Wednesday, October 7, 2009

New Jersey Gubernatorial Candidates Support Medical Marijuana

The Coalition for Medical Marijuana--New Jersey (CMMNJ) was pleased to see that all three candidates for governor of New Jersey said they support medical marijuana. On Thursday, October 1, 2009, during a debate in Trenton, Democrat Jon Corzine, Republican Chris Christie and Independent Chris Daggett all agreed to sign a medical marijuana bill into law. See:

Christie said, "There have to be sufficient safeguards so that we don't turn into California where everybody with a headache is going out getting high." Corzine agreed: "If you have a headache, it probably should be excluded from the reasons why people get medical marijuana."

It is laudable that the gubernatorial candidates want to protect seriously ill or injured New Jersey patients who use therapeutic marijuana on the advice of a licensed physician. However, it is unfortunate that the candidates dismissed "headaches" as a qualifying condition for therapeutic marijuana. Headaches can vary widely in intensity, frequency and duration. They can be the typical headache that is relieved by two aspirins, or they can be so intensely painful that they induce vomiting and drive the sufferer to a quiet, darkened room for solace. When the latter type headache occurs frequently, they require neurological work-ups and often treatment with powerful pain-killers that are dangerous and potentially addicting. These headaches can be disabling, and marijuana therapy should certainly be considered in these cases. Politicians should stop "playing doctor" and should allow licensed physicians to decide what diseases, conditions and symptoms qualify for marijuana therapy. Research related to marijuana and headaches is available at:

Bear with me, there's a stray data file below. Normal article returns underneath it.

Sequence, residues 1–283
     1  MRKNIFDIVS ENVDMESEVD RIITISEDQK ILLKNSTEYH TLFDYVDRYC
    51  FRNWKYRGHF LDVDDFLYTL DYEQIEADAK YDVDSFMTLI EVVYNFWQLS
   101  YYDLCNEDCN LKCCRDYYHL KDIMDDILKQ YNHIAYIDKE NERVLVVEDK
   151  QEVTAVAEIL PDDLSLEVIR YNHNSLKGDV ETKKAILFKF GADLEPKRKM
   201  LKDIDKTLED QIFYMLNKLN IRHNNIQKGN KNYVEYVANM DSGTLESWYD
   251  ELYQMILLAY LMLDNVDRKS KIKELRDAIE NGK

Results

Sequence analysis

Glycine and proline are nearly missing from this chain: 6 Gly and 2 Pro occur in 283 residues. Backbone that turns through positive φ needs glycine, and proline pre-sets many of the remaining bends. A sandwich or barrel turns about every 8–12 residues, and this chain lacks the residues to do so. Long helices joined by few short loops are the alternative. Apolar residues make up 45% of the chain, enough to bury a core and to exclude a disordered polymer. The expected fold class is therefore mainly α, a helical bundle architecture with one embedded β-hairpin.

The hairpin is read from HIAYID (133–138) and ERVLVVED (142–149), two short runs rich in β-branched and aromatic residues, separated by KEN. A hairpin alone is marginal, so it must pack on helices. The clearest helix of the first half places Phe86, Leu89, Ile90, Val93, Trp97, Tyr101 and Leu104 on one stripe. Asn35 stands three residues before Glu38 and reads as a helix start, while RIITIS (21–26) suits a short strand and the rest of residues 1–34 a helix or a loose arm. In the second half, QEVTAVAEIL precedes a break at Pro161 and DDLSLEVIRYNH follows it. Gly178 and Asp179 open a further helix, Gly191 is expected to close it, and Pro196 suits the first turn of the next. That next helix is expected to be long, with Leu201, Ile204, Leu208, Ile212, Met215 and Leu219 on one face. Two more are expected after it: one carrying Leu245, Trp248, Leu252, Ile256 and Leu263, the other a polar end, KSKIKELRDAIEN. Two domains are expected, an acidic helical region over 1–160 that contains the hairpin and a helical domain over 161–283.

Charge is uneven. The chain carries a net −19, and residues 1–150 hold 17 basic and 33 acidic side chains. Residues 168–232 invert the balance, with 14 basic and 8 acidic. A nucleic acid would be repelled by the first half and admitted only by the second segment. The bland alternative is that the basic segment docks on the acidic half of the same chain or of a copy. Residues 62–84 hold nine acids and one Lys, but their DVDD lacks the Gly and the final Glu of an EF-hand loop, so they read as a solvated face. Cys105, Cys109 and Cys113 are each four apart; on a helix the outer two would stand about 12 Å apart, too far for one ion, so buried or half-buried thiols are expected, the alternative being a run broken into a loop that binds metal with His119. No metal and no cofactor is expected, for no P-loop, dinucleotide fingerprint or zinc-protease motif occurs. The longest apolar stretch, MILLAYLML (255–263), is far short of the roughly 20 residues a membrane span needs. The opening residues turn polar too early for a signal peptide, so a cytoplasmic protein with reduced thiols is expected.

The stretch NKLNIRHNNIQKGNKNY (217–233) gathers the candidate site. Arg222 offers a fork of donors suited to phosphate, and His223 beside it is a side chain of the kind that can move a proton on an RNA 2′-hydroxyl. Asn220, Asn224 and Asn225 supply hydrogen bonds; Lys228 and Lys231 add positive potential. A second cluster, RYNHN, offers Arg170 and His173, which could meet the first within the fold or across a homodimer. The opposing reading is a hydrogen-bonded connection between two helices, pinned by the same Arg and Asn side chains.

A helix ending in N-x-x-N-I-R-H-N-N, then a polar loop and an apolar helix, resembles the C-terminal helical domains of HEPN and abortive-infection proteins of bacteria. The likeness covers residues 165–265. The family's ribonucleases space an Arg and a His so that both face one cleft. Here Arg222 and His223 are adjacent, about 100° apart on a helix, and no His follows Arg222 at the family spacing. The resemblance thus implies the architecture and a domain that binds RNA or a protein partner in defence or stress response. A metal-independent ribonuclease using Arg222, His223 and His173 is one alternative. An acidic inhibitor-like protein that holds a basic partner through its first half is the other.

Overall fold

CMMNJ also wonders, “What it is that politicians think is wrong with California?” Voters there approved Proposition 215 in 1996, establishing the first medical marijuana law. There have been no successful legislative or judicial challenges to the medical marijuana law in the state since. The US Supreme Court has affirmed California’s right to define marijuana as medicine. California residents continue to appreciate the benefits of their state authorized program. Patients no longer suffer needlessly or fear arrest and imprisonment for following the advice of a physician. The medical marijuana industry is contributing tax revenue to municipal and state coffers. California universities and medical centers have been conducting medical marijuana research. Overall, marijuana arrests are declining, teen marijuana use is declining, and state resources are not being wasted by arresting and imprisoning medical patients. In the end, California has greatly benefited from its medical marijuana program. Twelve other states have enacted medical marijuana laws since 1996 and another 14 states--New Jersey included--have legislation or ballot initiatives pending. California is clearly a leader on this issue.